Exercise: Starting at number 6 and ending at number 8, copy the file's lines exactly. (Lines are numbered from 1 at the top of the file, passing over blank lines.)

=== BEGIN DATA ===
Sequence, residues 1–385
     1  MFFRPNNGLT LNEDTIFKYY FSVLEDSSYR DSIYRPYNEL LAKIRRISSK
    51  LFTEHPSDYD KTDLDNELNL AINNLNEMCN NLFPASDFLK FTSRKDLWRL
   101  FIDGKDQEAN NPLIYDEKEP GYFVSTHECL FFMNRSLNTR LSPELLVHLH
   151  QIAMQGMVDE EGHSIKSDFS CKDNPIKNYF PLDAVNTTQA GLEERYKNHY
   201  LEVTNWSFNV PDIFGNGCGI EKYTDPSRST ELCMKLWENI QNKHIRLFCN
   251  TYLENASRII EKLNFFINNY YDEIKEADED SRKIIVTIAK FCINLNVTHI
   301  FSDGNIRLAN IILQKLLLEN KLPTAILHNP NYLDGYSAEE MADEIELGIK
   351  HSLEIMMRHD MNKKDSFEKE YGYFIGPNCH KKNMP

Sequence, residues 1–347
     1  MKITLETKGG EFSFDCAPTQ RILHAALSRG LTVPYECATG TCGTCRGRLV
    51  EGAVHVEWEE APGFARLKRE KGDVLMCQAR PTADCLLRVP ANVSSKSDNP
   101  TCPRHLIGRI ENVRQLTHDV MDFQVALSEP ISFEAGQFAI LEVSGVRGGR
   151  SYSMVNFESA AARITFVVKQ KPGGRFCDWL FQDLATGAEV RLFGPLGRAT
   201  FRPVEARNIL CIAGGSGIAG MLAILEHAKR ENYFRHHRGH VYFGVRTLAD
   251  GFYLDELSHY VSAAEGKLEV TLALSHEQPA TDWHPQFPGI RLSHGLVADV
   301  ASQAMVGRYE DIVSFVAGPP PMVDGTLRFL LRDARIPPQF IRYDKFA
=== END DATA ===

   201  LEVTNWSFNV PDIFGNGCGI EKYTDPSRST ELCMKLWENI QNKHIRLFCN
   251  TYLENASRII EKLNFFINNY YDEIKEADED SRKIIVTIAK FCINLNVTHI
   301  FSDGNIRLAN IILQKLLLEN KLPTAILHNP NYLDGYSAEE MADEIELGIK